During the nine months ended September 30, 2019, we extended the maturity date of two mortgages, collateralized by four properties, which is summarized below (dollars in thousands):

Aggregate Variable Rate Debt Extended Weighted Average Interest Rate on Variable Rate Debt Extended Weighted Average Extension Term
$12,561
 LIBOR +2.51% 2.4 years

We made payments of $1.4 million and $2.1 million for deferred financing costs during the three and nine months ended September 30, 2019, respectively, and $0.1 million and $0.3 million for deferred financing costs during the three and nine months ended September 30, 2018, respectively.

Scheduled principal payments of mortgage notes payable for the three months ending December 31, 2019, and each of the five succeeding years and thereafter are as follows (dollars in thousands):
 
Year Scheduled Principal Payments 
Three Months Ending December 31, 2019 $8,804
 
2020 31,118
 
2021 37,838
 
2022 106,189
 
2023 70,465
 
2024 47,514
 
Thereafter 136,806
 
Total $438,734
(1)

(1)This figure does not include $0.3 million of premiums and discounts, net, and $3.8 million of deferred financing costs, which are reflected in mortgage notes payable, net on the condensed consolidated balance sheets.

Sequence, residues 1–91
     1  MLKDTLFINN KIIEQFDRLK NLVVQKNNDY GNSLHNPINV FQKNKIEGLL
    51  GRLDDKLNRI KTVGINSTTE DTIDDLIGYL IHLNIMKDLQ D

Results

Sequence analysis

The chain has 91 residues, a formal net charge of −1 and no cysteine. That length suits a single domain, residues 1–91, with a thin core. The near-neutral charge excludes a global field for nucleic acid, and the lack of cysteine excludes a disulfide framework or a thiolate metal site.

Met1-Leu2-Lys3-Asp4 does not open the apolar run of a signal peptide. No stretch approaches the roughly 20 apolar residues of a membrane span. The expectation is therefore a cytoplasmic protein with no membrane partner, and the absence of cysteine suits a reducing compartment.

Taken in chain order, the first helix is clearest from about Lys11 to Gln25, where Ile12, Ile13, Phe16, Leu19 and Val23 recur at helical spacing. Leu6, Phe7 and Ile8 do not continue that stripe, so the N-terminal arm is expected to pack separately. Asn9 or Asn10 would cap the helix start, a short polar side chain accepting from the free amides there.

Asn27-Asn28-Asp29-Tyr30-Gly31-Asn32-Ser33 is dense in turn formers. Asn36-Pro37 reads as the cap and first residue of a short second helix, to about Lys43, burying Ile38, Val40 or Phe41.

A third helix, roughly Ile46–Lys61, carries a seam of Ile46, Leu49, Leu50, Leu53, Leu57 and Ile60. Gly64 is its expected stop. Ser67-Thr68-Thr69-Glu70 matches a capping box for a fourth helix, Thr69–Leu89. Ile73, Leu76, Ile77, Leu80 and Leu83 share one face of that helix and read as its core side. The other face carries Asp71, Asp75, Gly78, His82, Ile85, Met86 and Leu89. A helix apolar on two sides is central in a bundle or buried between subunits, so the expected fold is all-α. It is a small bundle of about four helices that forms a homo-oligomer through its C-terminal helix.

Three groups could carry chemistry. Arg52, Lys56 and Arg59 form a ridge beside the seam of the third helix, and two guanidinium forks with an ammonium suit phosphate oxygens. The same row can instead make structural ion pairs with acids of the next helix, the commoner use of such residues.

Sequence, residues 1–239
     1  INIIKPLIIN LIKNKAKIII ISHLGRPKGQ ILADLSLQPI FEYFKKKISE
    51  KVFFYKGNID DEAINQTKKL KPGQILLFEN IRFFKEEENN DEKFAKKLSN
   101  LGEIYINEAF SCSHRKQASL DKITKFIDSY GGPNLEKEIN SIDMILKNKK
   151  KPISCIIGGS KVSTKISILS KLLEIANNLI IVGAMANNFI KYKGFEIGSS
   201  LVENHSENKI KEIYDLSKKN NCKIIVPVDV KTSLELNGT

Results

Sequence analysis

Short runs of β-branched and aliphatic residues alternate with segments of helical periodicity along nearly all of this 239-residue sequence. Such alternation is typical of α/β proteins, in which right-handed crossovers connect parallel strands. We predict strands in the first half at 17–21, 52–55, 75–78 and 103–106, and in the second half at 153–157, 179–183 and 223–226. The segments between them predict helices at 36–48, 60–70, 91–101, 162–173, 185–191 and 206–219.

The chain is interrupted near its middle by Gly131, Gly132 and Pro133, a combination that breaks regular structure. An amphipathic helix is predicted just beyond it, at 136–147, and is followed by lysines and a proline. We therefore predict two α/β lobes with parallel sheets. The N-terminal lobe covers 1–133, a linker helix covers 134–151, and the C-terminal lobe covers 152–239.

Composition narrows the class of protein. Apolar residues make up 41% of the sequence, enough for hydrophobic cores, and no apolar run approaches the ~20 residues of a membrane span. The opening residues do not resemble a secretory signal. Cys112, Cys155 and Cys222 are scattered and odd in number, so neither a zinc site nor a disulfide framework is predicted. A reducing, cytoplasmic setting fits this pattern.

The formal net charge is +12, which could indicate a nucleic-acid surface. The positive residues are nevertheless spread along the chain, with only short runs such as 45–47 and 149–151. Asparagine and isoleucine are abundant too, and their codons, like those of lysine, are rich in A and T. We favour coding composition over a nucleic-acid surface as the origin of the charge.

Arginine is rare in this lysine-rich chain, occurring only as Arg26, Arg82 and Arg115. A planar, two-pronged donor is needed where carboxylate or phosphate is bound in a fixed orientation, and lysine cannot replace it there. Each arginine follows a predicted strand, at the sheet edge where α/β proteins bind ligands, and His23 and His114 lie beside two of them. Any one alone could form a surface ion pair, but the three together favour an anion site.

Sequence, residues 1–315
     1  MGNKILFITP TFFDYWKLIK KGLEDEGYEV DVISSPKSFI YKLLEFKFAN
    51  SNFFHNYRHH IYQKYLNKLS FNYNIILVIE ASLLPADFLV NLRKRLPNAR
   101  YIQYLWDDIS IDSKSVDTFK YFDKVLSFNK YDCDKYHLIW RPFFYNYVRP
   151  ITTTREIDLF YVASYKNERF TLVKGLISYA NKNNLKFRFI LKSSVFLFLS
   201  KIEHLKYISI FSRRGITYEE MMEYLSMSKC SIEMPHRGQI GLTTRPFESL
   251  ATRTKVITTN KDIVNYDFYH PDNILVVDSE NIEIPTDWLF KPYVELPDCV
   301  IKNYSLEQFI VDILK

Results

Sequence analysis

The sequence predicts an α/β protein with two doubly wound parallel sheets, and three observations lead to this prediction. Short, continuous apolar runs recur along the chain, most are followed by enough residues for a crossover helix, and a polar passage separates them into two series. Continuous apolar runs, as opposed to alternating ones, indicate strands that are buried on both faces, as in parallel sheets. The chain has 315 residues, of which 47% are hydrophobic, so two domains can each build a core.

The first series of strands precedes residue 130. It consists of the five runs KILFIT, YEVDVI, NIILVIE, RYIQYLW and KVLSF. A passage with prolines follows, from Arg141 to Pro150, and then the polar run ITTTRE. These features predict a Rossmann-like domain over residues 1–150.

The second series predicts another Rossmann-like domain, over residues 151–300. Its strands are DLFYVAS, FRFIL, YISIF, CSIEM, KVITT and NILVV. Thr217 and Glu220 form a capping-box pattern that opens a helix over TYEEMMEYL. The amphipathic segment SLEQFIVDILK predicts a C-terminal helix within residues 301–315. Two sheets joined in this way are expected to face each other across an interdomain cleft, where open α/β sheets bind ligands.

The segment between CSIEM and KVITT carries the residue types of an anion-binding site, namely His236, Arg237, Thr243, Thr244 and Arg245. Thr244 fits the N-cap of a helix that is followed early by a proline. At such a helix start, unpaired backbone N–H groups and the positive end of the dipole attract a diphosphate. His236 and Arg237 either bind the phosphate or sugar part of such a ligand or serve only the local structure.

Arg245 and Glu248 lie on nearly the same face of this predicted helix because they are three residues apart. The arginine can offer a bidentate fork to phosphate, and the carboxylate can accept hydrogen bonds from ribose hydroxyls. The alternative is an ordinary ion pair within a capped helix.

We believe we will be able to address all mortgage notes payable maturing over the next 12 months through a combination of refinancing our existing indebtedness, cash from operations, proceeds from one or more equity offerings and availability on our Credit Facility.


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Interest Rate Cap and Interest Rate Swap Agreements

We have entered into interest rate cap agreements that cap the interest rate on certain of our variable-rate debt and we have assumed or entered into interest rate swap agreements in which we hedged our exposure to variable interest rates by agreeing to pay fixed interest rates to our respective counterparty. We have adopted the fair value measurement provisions for our financial instruments recorded at fair value. The fair value guidance establishes a three-tier value hierarchy, which prioritizes the inputs used in measuring fair value. These tiers include: Level 1, defined as observable inputs such as quoted prices in active markets; Level 2, defined as inputs other than quoted prices in active markets that are either directly or indirectly observable; and Level 3, defined as unobservable inputs in which little or no market data exists, therefore requiring an entity to develop its own assumptions. Generally, we will estimate the fair value of our interest rate caps and interest rate swaps, in the absence of observable market data, using estimates of value including estimated remaining life, counterparty credit risk, current market yield and interest rate spreads of similar securities as of the measurement date. At September 30, 2019 and December 31, 2018, our interest rate cap agreements and interest rate swap were valued using Level 2 inputs.